Lot 65
Go to lot
Estimation :
200000 - 300000 EUR
Result with fees
Result : 232 380EUR


Presumed time period: 18th century

Ironwood (casaurina equisetifolia) H. 9.5 cm - L. 88.9 cm - W. 5.1 cm

Provenance :

- Collected by Mr. Thomas during his stay in Australia in the 1860s

- Passed on to his grand nephew

- Sotheby's, New York, 24 November 1992, lot 35

- Private collection

Bibliography :

- Steven Hooper, Pacific Encounters, The British Museum Press, 2006, pp. 224/225.

- Steven Phelps, Art and Artefacts, The James Hooper Collection, Hutchinson Ltd, 1976, p. 133/134.

The handle of this superb Rarotonga 'Staff-God' is carved with four groups of miniature figures, nine figures, and ends with a phallus. From left to right, the first figure, seen in profile, is very well carved with a large head, almond-shaped eyes, stretched ears and reduced limbs; it has its back to a second figure whose head is in line with the stick but whose body is presented from the front. The second group, like the third, consists of three figures, two in profile framing a figure in front with exaggerated ears. The last figure, isolated and just before the cut of the stick, is close to the first, but with less volume and refinement.

The patina of this very hard, fine-grained wood, deep and soft with shades ranging from light to dark brown, a sign of ancient use, was obtained by long sanding with shells and stone tools.

Although Captain Cook visited this archipelago on his second (1772/75) and third (1776/80) voyages, he missed the largest of these islands, Rarotonga. To collect documented information, we had to wait for the arrival of Reverend John Williams (1796-2839) of the L.M.S. (London Missionary Society) in July 1823.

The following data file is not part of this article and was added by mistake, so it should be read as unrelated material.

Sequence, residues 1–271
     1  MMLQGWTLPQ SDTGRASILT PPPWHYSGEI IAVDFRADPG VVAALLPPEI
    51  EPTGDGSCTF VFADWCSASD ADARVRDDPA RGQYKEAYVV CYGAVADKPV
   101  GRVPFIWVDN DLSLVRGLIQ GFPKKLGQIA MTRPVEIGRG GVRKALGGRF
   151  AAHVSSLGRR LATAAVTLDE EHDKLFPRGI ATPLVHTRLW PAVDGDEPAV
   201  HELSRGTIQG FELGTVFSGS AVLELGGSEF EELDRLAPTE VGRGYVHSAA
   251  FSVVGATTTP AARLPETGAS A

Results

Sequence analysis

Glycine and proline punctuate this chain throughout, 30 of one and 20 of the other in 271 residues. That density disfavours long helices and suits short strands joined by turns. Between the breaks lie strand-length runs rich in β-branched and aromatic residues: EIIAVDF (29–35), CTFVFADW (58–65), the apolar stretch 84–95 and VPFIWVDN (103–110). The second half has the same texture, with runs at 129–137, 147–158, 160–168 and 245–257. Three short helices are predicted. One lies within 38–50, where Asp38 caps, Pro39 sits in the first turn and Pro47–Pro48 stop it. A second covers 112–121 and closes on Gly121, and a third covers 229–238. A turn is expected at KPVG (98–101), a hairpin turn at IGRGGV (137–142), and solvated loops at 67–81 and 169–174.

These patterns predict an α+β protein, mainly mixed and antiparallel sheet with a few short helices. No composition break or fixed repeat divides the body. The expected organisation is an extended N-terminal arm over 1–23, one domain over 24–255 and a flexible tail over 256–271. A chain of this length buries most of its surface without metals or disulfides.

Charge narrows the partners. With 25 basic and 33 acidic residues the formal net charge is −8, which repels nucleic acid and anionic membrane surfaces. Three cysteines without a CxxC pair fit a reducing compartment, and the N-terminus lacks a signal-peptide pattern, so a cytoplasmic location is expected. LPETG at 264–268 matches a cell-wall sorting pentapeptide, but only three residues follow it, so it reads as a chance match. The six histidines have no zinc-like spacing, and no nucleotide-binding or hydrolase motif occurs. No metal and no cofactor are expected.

These magnificent 'staff-gods' are extremely rare, less than twenty of them can be found in museums. They are even rarer today, as most of these idolatrous sculptures were burnt by the LMS missionaries to convert the natives of the Cook Islands. Some of the 'Stick Gods' sent to the LMS

for its museum in London, created in 1836, were able to escape the flames. But many were cut down for ease of transport or 'obscenity' regarding the phallic part. The Rarotonga people themselves may have kept a few sticks to 'decorate the rafters of the (missionary) chapels' [Williams, 1837, p.5]. [Williams, 1837, p.119]. This explains why some examples may have been exported at a later date. As a result of the mistreatment of these staff-gods, most of them lost the tapa bark that was wrapped around the middle part of the stick. The principle of tapa - present in all Polynesia - symbolizes the power and the soul of the gods or mana.

gods or mana. These highly symbolic objects are often linked to the creator god Tangaroa.

My orders
Sale information
Sales conditions
Return to catalogue